The Canadian Transportation Agency has decided that the existing practice of paying $100 cash or $200 travel voucher is unreasonable.
It has given the airline 30 days to submit new compensation guidelines.
The agency sided with Gabor Lukacs, a former University of Manitoba math professor, who has challenged several airline industry practices.
"I'm extremely pleased by this decision and it is a very important step forward for Canadian in terms of rights of passengers," he said from Halifax, where he lives.
Lukacs suggested to the agency that passengers be compensated between $200 and $800 depending on the length of delay.
Delays of less than two hours would prompt the minimum compensation. Bumped passengers who are delayed two to six hours would get $400 and the maximum would be given for longer delays.
The agency said the airline must indicate why it shouldn't approve the model suggested by Lukacs or one used in the United States.
In the United State, twice the airfare up to a maximum of US$650 is paid for delays of one to two hours and four times the fare to a maximum of US$1,300 is paid for delays exceeding two hours.
The federal agency ruled that Air Canada's 12-year-old bumping payout rate is outdated and doesn't reflect the current price of airline tickets, accommodation and other incidental expenses.
"Mr. Lukacs has presented a more compelling case that Air Canada's statutory, commercial and operational obligations fail to outweigh the rights of passengers to be subject to reasonable terms and conditions of carriage," it said in a 17-page ruling.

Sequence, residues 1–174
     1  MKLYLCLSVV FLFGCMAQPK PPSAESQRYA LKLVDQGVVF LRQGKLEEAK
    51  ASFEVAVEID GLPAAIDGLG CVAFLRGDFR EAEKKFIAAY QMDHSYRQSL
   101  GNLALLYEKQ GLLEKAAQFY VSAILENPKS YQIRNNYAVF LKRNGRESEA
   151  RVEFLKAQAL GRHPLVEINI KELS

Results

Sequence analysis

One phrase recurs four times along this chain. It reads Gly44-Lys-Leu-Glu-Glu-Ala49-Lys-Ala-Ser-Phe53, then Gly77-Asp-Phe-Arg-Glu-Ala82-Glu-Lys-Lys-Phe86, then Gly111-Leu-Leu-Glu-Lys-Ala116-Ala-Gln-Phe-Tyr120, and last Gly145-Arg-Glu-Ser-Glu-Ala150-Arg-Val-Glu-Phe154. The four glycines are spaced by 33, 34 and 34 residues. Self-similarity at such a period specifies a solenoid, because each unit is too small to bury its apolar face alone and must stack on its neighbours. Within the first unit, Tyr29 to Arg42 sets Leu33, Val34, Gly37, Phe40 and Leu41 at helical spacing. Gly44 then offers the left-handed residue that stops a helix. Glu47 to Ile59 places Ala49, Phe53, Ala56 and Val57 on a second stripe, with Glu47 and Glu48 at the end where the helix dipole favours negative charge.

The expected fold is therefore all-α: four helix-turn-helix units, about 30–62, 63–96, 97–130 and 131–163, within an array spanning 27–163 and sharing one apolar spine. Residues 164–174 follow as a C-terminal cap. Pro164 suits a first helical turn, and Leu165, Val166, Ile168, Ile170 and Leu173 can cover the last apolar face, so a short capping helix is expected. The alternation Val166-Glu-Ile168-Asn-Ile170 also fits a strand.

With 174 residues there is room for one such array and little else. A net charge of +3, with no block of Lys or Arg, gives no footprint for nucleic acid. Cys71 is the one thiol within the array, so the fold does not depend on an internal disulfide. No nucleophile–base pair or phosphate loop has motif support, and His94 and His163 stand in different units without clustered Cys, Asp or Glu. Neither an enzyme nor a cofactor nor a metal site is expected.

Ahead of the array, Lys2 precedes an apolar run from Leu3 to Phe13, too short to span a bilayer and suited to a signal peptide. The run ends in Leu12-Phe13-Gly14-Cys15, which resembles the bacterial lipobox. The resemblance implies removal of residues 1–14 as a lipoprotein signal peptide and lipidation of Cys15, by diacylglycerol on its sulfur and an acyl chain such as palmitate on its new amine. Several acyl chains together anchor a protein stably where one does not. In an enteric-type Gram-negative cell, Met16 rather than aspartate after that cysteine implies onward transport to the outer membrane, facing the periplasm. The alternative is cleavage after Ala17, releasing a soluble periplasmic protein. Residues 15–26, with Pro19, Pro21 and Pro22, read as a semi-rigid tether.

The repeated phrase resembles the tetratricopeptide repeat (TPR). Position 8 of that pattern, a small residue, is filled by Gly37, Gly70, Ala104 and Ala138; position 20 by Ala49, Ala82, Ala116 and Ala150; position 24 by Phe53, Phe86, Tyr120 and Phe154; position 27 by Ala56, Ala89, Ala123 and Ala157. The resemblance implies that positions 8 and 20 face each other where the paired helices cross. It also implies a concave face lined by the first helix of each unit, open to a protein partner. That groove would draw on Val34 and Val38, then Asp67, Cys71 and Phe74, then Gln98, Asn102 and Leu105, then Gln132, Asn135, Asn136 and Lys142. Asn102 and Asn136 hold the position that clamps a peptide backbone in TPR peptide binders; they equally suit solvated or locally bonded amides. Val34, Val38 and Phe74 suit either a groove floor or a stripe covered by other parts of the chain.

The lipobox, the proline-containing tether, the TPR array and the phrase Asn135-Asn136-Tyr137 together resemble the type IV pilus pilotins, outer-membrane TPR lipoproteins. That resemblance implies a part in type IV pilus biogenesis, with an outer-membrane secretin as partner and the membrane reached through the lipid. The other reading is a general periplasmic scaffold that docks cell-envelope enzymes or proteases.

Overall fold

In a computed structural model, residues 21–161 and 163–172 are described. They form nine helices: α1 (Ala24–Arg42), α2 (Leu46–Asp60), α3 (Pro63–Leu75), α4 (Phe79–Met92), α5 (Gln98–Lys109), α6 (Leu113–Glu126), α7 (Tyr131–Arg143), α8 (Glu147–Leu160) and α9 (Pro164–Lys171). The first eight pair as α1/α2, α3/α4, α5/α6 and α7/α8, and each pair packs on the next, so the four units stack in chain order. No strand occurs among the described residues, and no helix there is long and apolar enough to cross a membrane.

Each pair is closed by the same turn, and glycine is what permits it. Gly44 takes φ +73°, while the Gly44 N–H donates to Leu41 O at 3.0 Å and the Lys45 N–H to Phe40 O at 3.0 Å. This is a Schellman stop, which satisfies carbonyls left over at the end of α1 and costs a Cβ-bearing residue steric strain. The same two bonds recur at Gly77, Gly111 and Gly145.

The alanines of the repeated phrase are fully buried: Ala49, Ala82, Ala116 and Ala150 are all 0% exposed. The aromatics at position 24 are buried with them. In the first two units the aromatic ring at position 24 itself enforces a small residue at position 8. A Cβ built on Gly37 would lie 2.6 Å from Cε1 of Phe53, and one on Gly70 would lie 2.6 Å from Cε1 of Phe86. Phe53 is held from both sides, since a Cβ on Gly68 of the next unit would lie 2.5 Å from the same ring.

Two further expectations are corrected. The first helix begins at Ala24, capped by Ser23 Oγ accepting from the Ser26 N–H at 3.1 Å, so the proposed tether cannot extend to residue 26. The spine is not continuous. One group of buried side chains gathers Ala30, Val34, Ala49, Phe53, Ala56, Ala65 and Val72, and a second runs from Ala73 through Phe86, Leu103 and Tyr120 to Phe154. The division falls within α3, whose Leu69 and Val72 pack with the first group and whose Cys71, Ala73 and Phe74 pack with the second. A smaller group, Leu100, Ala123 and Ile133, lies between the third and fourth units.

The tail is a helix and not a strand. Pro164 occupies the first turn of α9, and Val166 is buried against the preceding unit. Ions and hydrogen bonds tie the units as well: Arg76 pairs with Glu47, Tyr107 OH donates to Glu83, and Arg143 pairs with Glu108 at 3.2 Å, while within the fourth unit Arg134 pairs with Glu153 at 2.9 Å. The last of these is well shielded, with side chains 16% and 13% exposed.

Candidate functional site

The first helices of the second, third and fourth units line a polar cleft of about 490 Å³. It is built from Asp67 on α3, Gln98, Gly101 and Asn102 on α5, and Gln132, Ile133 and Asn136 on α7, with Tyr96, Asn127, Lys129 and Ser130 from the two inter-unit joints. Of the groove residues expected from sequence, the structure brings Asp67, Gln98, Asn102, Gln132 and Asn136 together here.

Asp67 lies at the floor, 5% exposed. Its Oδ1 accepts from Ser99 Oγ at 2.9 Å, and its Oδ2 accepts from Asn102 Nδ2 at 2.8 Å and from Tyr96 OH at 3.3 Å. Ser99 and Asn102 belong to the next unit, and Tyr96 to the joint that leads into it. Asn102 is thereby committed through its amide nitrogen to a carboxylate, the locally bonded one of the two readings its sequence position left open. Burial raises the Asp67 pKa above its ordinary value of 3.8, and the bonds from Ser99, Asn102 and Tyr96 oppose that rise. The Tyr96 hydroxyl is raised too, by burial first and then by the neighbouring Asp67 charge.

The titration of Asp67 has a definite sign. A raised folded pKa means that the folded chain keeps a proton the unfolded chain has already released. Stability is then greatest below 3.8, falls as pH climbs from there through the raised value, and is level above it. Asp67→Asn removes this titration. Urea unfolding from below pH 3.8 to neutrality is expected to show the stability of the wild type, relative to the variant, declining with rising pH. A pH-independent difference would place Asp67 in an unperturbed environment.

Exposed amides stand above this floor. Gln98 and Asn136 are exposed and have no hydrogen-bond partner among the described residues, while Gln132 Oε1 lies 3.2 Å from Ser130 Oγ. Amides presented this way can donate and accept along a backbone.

The ruling doesn't affect WestJet Airlines (TSX:WJA) because it doesn't overbook flights.
Air Canada (TSX:AC.B) could appeal the agency decision to the Federal Court of Appeal.
"At this time it would be inappropriate to comment as we are currently in consultation with the Canadian Transportation Agency on this topic," said airline spokeswoman Isabelle Arthur.
Air Canada successfully argued that it can overbook and deny compensation in limited cases when it has to switch to smaller aircraft for operational and security reasons that are beyond its control.
Lukacs argued that this was a catch-all excuse the airline could use to deny compensation.
However, the agency agreed Air Canada should have this flexibility as long as it is able to demonstrate that the events prompting the substitution were beyond its control and that it took every possible measure to avoid the situation. Otherwise, it must pay compensation.
While the ruling applies only to domestic flights, the agency is considering a complaint filed by another person dealing with international flights.
Lukacs, who has taken Canadian airlines to task over baggage and other fees, said Canadian passengers face what he says are among the worst conditions in the world.
The advocate said he was prompted to file a complaint in December 2011 after he and some passengers were told by Air Canada that they were not entitled to compensation if they responded to a request for volunteers to be bumped.
"As long as we put up with it they will do it and somebody has to stand up and say no, the buck stops here, this is unacceptable and unreasonable," he said.
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